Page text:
It was (is!) winter here in New England and I had time to work indoors on boat related projects, so I decided to try my hand at making some blocks for rigging as well as making the mast.

Some time back I had looked on the web and finally found that Dave Goodchild had fooled around with making his own blocks using plywood. I found this information page 37 (and even then it was hard to find). It is worth searching for.

The Goodchild method uses two outside pieces of plywood for cheeks and two smaller pieces as spacers for the sheave. See my crude model.


With that as a model I looked for a source of sheaves and found the Duckworks site and ordered a few of their affordable nylon sheaves. The Duckworks people were (are!) great.

My brother also found an article in Wooden Boat #41 that showed how to make a wooden block from a solid piece of wood. This is a good article. Brian Toss made a beautiful piece and I wanted to try my hand at that method even though I’m not a craftsman.

I took a chunk of 2×4 and made a crude mock-up.


This mock-up is about four inches long and roughly half as wide.

Thus encouraged I bought a chunk of maple and tried to make a few blocks. I should have been a little more careful drilling out the cores because I didn’t always get the holes lined up. You need to clamp the piece to keep it from moving around.

I drilled the core first, then cut grooves into the sides for the line to go around the block, then cut the corners and started smoothing. I first tried using a bolt for the pin but opted to try some bronze rod instead. I was going to try cotter pins to hold the bronze in place but had trouble drilling it, which was just as well because a closer look at the WoodenBoat article revealed that Mr. Toss relied on the line around the block to keep the pin in place.

I bought some line and reviewed how to splice two lines together. I’ve still got five more splices to make, but I’m encouraged by the result of the first one.

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2005 Small Boat Rendezvous – Sucia Island – Randy Wheating


Bluster, Wayward Lass and Full Gallop at Fox Bay, Sucia Island

The 2005 Small Boat Rendezvous was held on Sucia Island, San Juan Islands July 8th to 11th, 2005. This second annual event attracted an assorted collection of 14 small boats from British Columbia, Washington and Oregon. Included in the group were three Chebaccos – Wayward Lass, Full Gallop and Bluster.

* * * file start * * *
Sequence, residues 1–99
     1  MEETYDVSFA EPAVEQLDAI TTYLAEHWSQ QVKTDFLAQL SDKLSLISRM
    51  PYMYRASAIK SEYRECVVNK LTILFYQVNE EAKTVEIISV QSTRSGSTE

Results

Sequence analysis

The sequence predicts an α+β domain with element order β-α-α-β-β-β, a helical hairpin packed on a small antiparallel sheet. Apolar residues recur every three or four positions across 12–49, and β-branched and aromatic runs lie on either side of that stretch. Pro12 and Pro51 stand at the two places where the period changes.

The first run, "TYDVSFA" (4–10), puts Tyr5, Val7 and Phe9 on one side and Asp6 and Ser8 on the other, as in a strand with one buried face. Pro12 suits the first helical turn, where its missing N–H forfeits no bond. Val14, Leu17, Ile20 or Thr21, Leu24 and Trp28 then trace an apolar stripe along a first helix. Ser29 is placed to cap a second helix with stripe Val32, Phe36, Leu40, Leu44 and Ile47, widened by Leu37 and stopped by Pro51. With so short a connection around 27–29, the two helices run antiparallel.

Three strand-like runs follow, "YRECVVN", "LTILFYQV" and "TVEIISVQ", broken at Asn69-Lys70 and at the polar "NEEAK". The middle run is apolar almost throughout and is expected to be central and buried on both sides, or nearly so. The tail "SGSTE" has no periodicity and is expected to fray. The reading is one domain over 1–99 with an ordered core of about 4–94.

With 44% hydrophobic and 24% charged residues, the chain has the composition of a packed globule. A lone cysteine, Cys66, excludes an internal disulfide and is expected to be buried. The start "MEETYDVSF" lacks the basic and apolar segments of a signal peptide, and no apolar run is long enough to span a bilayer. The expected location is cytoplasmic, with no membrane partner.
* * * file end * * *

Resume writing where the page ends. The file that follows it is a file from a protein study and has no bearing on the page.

Jamie Orr and his father Les sailed over from Vancouver Island on Friday. I towed Bluster from our home in Port Moody (near Vancouver) to Bellingham, Washington on Saturday morning. Joining me this year was my wife, Lisa Rae Devries, and boys Jacob and Sam. At the excellent Squalicum Harbour in Bellingham we met up with Chuck Gottfried and Dean Bishop launching Full Gallop. Bluster and Full Gallop motored in tandem across Bellingham Bay to the point where we set sail for the run up Hale Passage. We eventually lost our wind and motored the remaining distance to Sucia Island. Bluster detoured slightly to check out the pretty Rolfe Cove marine park on the west end of Matia Island. Made landfall at Fox Bay around 3:00 pm. and joined the small boaters already gathered there.


Jacob takes Bluster’s helm while Sam rides in the dingy, Fib

The remainder of this day and the next were spent socializing, relaxing, exploring and taking short boat trips. On Sunday the three Chebaccos practiced a synchronized routine and photo-op.


Wayward Lass and Full Gallop

By noon on Monday everyone had dispersed to various take out points or in the case of Wayward Lass and Full Gallop to continue a week of exploration in the beautiful San Juan Islands.

The weather turned nasty on our return trip to Bellingham with winds gusting to 25 knots and one meter waves with whitecaps on the nose. The three and a half hour outbound trip turned into a six hour return voyage. Crew and boat performed brilliantly.


Pilot House

As with the 2004 Small Boat Rendezvous this was great fun and we all look forward to this or similar events in the future. Many thanks to Jamie Orr for all his work making this happen.

Note: is the web site for e interested in more information and photos.

Randy Wheating

Port Moody, BC